In Iraq, the Ba‘thists’ understanding of Islam separated them ideologically from their two most important rivals – the Islamists and the communists. The former saw Islam as a universal – rather than Arab – religion and they emphasized piety as well as Islamic law; the latter were – at least in theory – atheists who saw no role for any religion in Arab politics. The Ba‘thists viewed the communist attempt to deny a role for Islam as completely unworkable in a highly religious society such as Iraq. From the 1950s through the 1970s, when the Iraqi Communist Party (ICP) was one of the most important political factions in Iraq, the Ba‘thists used the ICP’s atheism to undermine it politically. As Saddam stated in what became a definitive statement on religion in 1977, “our Party does not take a neutral stance between faith and atheism; it is always on the side of faith.”

Yet, the Ba‘thists needed to be careful when promoting themselves as believers. They saw Islam as a unifying force, but they also understood that the population of Iraq was divided between Sunnis and Shi‘is. Iraq was also home to Islamists who rejected Ba‘thist rule and wished to replace the secular state with a state based upon their interpretation of Islamic law. If the regime promoted Islam and the importance of religion, it risked empowering sectarian and Islamist actors. This was especially dangerous in the early period of Ba‘thist rule during the 1960s and 1970s when the Ba‘thists had little control over many of the country’s religious institutions. The Ba‘thists had to learn this lesson the hard way. When they seized control of Iraq in 1968, the constitution they created was filled with references to Islam. The preamble discussed reliance on God, and the very first article cited “the spirit of Islam” as a source of the regime’s legitimacy. However, the regime clashed with religious leaders early in its rule and was forced to make a tactical retreat on religious issues. By 1970, when the regime released the next version of its constitution, almost all references to Islam and religion were removed.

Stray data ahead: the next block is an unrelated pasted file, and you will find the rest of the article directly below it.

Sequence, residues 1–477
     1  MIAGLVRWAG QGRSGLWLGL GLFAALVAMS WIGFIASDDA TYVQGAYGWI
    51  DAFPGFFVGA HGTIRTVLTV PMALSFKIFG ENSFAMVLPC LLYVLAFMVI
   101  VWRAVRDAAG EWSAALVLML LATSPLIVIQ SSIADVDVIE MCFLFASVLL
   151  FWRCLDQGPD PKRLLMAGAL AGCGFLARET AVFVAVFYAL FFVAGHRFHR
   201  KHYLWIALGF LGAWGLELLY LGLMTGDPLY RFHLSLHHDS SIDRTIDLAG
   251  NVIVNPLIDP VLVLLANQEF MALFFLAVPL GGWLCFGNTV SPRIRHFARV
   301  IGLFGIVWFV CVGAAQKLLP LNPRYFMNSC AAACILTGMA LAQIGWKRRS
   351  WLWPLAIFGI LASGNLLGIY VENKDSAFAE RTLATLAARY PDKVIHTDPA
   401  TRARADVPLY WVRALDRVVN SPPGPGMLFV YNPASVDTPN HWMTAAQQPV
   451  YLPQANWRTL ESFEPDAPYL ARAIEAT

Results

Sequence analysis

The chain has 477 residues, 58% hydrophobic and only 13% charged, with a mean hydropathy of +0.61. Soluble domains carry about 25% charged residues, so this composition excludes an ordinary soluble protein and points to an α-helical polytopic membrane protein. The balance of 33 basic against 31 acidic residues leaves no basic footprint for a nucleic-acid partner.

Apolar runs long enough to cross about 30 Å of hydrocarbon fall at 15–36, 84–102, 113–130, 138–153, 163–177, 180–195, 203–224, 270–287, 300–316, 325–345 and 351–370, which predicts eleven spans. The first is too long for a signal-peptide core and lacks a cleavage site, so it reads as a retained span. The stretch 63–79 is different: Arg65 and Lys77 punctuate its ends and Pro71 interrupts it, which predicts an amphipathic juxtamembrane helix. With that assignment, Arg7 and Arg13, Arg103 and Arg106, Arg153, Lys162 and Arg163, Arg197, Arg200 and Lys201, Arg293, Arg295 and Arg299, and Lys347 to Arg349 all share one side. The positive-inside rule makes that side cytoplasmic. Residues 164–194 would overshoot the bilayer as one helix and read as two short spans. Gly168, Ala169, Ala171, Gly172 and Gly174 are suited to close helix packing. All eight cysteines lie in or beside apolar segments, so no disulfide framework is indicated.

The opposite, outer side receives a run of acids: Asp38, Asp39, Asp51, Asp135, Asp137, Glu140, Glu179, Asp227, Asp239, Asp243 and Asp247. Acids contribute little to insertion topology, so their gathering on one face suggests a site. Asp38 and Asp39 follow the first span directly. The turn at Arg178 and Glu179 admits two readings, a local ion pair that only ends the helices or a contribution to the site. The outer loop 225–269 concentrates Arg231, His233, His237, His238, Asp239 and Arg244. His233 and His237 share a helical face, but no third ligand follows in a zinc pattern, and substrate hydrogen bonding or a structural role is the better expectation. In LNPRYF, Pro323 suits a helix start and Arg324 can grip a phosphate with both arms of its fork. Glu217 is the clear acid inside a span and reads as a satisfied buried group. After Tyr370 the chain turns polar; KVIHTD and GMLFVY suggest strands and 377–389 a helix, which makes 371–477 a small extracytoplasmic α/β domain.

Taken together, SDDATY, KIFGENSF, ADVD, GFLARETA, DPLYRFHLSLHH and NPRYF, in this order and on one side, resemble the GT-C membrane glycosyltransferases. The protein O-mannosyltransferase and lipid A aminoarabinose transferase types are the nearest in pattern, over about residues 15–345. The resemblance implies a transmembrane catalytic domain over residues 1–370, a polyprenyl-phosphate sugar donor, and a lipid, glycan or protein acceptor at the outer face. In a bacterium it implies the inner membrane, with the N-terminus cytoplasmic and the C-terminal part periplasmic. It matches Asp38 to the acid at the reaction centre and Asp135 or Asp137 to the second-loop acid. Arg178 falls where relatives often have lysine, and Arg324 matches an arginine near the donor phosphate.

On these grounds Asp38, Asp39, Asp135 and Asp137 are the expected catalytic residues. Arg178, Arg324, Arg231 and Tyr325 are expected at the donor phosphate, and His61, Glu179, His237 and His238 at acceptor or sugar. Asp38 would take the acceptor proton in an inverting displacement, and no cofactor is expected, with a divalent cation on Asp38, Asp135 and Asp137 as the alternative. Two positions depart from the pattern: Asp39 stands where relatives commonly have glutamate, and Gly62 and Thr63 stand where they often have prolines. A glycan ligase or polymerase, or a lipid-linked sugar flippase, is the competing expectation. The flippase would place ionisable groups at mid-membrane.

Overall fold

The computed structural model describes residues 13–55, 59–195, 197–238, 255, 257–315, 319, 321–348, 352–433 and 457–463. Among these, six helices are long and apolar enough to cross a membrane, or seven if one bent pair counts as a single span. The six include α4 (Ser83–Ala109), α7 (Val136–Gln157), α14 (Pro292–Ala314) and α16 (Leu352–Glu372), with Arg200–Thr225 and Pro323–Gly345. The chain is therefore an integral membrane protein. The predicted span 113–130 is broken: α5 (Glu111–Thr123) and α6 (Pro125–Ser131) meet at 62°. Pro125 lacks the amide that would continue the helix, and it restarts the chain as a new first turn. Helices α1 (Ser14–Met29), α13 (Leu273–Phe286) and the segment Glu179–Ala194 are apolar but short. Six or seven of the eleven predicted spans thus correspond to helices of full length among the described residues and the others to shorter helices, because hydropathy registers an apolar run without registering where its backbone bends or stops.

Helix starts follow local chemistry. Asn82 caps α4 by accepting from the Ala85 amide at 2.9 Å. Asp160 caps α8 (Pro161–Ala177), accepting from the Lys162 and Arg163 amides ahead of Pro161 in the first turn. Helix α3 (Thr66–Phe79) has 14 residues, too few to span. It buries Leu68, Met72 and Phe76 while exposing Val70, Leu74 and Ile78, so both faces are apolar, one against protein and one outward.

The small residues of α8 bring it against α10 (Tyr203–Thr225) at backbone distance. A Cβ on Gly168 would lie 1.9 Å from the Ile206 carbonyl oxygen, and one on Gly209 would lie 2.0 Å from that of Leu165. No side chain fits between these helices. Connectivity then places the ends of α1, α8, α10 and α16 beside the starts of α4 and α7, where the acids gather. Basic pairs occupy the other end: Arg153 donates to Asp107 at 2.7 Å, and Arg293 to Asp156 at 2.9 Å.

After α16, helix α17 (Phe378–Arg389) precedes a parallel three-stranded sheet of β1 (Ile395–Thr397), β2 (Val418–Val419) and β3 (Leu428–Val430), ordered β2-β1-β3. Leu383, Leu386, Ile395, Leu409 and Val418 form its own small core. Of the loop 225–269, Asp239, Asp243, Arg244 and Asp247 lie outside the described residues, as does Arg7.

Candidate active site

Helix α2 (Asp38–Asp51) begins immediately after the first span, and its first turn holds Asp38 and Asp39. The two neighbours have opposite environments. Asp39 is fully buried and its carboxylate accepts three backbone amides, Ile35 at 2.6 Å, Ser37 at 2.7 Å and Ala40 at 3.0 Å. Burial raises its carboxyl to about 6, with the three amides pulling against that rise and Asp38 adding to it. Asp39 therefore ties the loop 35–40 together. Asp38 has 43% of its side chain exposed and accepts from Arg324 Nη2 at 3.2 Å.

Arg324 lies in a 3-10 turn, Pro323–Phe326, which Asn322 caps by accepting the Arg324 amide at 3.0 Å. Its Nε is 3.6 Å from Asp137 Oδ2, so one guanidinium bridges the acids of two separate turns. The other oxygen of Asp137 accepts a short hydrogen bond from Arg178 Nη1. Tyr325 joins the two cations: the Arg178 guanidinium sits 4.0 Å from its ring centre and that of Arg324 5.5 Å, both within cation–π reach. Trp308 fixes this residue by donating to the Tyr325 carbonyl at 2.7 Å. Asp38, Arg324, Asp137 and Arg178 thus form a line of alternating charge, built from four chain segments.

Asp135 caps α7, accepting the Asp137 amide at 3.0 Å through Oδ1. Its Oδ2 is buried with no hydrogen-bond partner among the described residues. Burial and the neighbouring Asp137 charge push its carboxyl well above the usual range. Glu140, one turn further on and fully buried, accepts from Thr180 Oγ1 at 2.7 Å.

Instead of abandoning their ideological commitment to an Arab Islam, Iraqi Ba‘thists attempted to transform Iraq’s religious landscape using a process of carrots and sticks to promote compliant religious leaders and eliminate ideological opponents of the regime. Saddam did not want to destroy Iraq’s religious institutions, but rather to hollow them out and then repurpose them as instruments of the regime’s power. In imposing a Ba‘thist interpretation of Islam onto Iraqi society, the regime depicted sectarian and Islamist actors in the country as foreign agents intent on infiltrating Arab society. The regime accused Islamists of intentionally introducing foreign – mostly Persian – heresies into Iraq to undermine pure Arab Islam.